Tax Intel

Timely tax tips for you and your business

Dave Erb, CPA

Tax Intel


Don’t stagnate, convert!


Can’t do a Roth IRA due to taxable income that limits the amount (if any), you can contribute? Do you need to balance the volume of your retirement money in tax-deferred accounts? Time to consider a Roth IRA conversion even if your taxable income would appear to make this impossible. Keep this in mind:

  1. If you have reached annual income limitations, you can still make a “back-door” Roth IRA conversion by making nondeductible contributions to a traditional IRA and then converting those amounts to a Roth IRA. But be careful if you have other pre-tax traditional IRA accounts, as there are special pro-rating rules to consider.
  2. If many or all of your eggs are in a tax-deferred basket (e.g., traditional IRA or qualified retirement plan) and outside taxable investments, consider taking some of those tax-deferred assets and converting them to a tax-free Roth to better balance your retirement funds from a tax perspective. Converting under the new, lower individual tax rates may make great sense and a back-door conversion is generally income tax neutral.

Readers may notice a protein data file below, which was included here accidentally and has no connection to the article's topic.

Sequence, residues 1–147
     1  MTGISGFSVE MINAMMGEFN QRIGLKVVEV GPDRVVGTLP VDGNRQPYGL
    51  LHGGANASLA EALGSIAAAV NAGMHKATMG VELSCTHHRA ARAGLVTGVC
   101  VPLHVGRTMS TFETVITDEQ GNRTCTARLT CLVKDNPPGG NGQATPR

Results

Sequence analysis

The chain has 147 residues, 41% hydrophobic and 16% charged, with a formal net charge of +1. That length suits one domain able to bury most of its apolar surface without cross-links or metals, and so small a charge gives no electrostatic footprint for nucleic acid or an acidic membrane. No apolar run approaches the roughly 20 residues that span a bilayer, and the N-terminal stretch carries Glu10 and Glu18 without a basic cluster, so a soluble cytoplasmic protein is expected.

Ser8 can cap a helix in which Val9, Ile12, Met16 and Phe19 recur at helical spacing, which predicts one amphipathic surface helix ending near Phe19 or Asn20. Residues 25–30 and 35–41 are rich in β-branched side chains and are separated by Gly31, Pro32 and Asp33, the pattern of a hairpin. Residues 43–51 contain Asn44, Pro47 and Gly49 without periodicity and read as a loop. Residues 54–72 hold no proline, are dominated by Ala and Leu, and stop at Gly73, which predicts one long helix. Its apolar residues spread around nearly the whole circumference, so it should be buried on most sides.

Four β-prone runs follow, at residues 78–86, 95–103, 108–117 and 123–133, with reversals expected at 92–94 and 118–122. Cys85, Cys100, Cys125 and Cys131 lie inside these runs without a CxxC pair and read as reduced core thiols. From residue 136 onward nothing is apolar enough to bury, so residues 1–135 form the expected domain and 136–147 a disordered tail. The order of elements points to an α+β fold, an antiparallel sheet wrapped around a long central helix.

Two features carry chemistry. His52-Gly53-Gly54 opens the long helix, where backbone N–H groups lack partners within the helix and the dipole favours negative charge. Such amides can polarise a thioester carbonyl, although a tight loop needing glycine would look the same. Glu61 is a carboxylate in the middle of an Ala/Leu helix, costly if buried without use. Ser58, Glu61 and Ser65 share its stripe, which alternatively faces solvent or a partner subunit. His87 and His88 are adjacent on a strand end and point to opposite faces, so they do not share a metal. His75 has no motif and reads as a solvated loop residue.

Nothing says “love” like a Roth IRA


Once a child is old enough to create earned income, parents with discretionary income should consider setting-up and contributing to a child’s Roth IRA annually. Set up the account in the child’s name and then gift a contribution to the account each year for as long as you want to. Since the money belongs to the child, parents can use their discretion about how and when to communicate that the IRA exists.

This approach can potentially produce a tax-free savings account for your child that can benefit them at many points in life (not just at retirement). In essence, this is love, compounded!

65 Days to Make Your Day and Lower Taxes: The 65 Day Trust Distribution Deadline

Lost in the shuffle of the new tax bill passing and becoming law may be an easily overlooked boon for trustees. Known as the 65 Day Rule, the Section 663(b) election, allows a trustee to make a distribution during the first 65 days of the New Year, and have it count in the previous year. This can result in reduced income taxes by distributing some income to one or more beneficiaries who may be in a lower tax bracket.

For trusts that operate on a fiscal year basis, the 65 Day Rule applies to the first 65 days of the new fiscal year.

For more tips and thoughts on lowering your tax burden, contact us.